Deb Campbell, an agronomist with Agronomy Advantage, shares her tips on nitrate testing fields in this episode of RealAgriculture’s Corn School.
At a corn field in its seven-leaf stage, Campbell focuses on getting enough resources to finish off the crop and reach the satisfactory yield.
“This is a great window to reassess and do a gut check on that nitrogen (N) plan that we had in place,” Campbell says. “Do we increase it? Do we soften it a little bit? What’s the status of this corn today? Producers use that number of a pound of N per bushel of corn, and that’s still a good place to start.”
Campbell suggests tissue sampling the plants and nitrate testing at the the seven-leaf stage. When assessing, farmers should factor in how much N they've already applied, how much mineralization they're getting at this point and how much moisture they've had. They should also get a good representation of the field.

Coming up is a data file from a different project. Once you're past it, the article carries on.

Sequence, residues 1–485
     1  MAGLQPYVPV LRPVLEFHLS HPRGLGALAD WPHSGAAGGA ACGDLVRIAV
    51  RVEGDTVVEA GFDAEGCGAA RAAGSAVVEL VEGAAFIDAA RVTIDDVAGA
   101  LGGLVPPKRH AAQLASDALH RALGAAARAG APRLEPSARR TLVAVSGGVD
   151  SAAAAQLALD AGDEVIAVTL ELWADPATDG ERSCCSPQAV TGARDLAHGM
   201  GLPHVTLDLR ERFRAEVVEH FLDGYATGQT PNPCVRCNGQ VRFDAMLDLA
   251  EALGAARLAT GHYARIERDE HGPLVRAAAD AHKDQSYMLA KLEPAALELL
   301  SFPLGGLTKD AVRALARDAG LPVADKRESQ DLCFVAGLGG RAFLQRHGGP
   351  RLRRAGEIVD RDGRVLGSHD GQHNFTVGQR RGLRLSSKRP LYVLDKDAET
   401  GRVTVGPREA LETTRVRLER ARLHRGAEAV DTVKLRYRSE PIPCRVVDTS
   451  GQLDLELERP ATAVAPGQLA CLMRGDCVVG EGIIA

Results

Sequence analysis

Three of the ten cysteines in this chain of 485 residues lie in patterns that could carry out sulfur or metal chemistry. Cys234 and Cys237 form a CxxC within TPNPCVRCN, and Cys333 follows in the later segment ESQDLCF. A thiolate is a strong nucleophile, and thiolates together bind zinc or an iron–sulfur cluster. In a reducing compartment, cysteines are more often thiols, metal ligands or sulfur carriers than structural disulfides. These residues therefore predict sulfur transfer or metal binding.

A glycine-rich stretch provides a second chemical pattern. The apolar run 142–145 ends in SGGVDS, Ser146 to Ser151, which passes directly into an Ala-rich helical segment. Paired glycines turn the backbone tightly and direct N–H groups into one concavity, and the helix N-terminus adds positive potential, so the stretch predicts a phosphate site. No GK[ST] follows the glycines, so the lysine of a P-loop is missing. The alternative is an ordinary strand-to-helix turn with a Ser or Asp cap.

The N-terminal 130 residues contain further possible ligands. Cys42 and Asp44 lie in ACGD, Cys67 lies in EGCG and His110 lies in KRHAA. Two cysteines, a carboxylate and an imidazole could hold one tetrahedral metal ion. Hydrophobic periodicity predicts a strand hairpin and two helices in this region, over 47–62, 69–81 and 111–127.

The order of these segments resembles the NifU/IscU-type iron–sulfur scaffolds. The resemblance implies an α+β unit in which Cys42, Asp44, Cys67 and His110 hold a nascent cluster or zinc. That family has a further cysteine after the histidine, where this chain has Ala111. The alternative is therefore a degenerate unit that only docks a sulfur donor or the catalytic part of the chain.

“To do a nitrate test, and to do it well, so that you have reasonable confidence in the numbers that you’re getting back. You’ll want to take a 12-inch core in the field,” she says.
Getting down that far may be a challenge, so farmers may have to put the probe in twice. Farmers should also consider how the field has been maintained.
“In strip-till vs. full tillage or if you’re running a high N starter, take a few more probes out of the row vs. between the row and then look at the spatial complexity of the landscape,” says Campbell.
Doing re-tests on the field would be beneficial to both farmers and the yield of crops, Campbell suggests. To do this, re-test the nitrate levels in the soil and depending on the results, make a plan.
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